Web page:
Optioning Houses - Posted by matt

Posted by matt on December 01, 2002 at 02:58:24:

Jim,

I see. That’s why you said that I may have to assign my purchase and sale agreement that I have with the seller over to my buyer. I understand.

Since this is my first option that I ever have had on a house, and I mean an option not a lease/option, let’s see if I know what to do from this point. If I’m wrong, or you see a problem, I would appreciate your advice.

I have an option agreement with the seller that states that I or my assigns may buy the property in the next six months. I told the seller going in that I would not buy, but I would first contact some other investors I work with to see if they are interested. If they are not, I would market the house at my expense and not take it off the market. If the seller finds a buyer before I do, I walk. If the seller wants to use a realtor, that’s fine as long as the realtor excludes me from the listing. If I find the buyer before a realtor, the realtor walks and gets nothing. If he finds the buyer, I walk.

I have found a possible interested buyer. This guy owns a couple of rental properties and said he would be able to close in a week. Let’s say I show him the house and he likes it and he makes an offer that is exceptable.

Now, here is the part that I’m not sure about. As I said, my buyer seems to be a seasoned investor so I want to make sure I do this by the numbers so I don’t get cut out of the deal. Here are the steps I think I should take. If you see a hole that I should fix, please tell me:

  1. I show the house to the buyer. I except buyers offer. I fill out a purchase and sale agreement with me as the seller and him as the buyer. I collect a deposit to make sure the buyer is serious.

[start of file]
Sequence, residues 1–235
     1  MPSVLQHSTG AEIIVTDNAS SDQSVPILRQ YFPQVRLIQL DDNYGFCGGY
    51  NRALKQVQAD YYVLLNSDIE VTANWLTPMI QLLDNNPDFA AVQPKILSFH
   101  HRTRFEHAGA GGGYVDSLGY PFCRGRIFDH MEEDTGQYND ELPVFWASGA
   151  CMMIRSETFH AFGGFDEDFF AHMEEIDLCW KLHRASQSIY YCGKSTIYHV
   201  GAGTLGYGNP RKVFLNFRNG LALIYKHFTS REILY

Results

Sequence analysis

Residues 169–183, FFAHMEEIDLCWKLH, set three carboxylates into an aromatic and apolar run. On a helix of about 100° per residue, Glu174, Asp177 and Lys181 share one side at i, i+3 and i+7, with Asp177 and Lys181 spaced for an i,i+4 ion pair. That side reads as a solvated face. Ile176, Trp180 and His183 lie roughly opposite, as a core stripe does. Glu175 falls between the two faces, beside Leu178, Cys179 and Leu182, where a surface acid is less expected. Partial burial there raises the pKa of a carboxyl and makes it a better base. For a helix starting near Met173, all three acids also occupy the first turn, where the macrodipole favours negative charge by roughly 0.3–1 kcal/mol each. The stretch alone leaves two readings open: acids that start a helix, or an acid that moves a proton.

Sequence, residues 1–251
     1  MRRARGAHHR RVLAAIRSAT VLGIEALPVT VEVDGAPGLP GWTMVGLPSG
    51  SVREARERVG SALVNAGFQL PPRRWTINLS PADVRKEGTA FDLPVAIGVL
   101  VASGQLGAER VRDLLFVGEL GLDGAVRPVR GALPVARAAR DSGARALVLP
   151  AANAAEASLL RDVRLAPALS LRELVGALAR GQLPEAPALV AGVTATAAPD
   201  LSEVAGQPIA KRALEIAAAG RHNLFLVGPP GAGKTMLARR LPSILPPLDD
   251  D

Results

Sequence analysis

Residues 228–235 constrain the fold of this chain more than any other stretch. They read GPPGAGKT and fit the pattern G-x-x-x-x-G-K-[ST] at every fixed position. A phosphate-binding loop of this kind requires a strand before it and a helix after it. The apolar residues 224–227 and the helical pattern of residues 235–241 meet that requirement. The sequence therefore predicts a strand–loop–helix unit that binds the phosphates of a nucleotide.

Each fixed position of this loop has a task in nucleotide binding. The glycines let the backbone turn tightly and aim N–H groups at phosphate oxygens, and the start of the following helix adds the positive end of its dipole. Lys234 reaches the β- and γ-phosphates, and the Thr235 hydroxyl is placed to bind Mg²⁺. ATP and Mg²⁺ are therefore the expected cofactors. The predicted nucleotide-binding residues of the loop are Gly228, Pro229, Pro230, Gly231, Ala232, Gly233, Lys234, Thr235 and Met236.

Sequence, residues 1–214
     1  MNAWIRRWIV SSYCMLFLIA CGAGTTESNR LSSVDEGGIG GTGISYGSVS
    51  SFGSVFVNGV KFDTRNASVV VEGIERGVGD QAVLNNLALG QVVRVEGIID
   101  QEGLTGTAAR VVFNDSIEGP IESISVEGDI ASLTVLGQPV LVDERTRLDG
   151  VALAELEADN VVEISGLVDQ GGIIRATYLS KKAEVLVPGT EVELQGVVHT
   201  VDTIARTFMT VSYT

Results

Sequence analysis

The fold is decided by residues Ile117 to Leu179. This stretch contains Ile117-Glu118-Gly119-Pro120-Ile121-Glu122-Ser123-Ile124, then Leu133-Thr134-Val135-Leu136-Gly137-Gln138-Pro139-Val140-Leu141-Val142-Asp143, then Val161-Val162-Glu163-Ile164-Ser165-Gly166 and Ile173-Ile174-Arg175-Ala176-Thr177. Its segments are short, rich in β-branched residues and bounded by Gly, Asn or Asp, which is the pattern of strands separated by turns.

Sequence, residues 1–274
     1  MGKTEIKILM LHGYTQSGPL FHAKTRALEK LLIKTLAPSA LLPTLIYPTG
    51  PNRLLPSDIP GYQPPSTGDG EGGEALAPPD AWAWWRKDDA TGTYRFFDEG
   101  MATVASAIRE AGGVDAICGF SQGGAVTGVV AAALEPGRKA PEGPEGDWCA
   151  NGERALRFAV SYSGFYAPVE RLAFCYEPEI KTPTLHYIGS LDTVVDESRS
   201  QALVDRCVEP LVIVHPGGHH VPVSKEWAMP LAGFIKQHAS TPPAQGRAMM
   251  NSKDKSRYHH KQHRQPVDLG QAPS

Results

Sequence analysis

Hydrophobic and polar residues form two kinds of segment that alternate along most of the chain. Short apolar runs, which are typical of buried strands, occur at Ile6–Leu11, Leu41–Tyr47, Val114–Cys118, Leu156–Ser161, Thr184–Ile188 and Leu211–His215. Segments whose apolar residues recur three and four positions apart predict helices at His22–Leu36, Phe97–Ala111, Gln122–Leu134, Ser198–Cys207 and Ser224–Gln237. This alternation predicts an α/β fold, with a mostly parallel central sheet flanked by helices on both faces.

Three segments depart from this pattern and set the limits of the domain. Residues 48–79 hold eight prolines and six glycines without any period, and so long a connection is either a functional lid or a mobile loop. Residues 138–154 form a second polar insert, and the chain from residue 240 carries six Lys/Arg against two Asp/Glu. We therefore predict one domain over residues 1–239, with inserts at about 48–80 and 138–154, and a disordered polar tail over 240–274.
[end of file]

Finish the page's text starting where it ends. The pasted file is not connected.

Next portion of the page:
2. I meet again with the owner of the house. (Who is currently living in the house) and fill out a purchase and sale agreement with him. Making him the seller and me the buyer. I put in my purchase and sale agreement that my finacing is coming from my buyer. That way, if for some reason my buyer backs out, I’m not locked into buying the house. I would explain that to the owner of the house anyway.

  3. Before closing, all lawyers that are involved know that this is going to be a double close. at closing, I sign the agreements with the seller saying that I’m buying the house. The seller and his lawyer already know that I will not be writing any checks, but my buyer will write all the checks that are needed. The seller and his lawyer wait in one room. I then sit down with my buyer in another room and sign the agreements with my buyer. My buyer is finacing the deal. He will have the required checks for both the seller, the sellers lender, closing costs and a check made out to me.

In this case I would not assign because my buyer said he wouldn’t get a loan from a bank so there won’t be a problem with title seasoning. So my questions are, did I leave something out? Do you see any holes in what I plan on doing, and most important what can I do to prevent this seasoned investor from going around me to the owner of the house and cutting me out of the deal? And last, do I tell this seasoned investor that I have an option on the house before I even show him the house?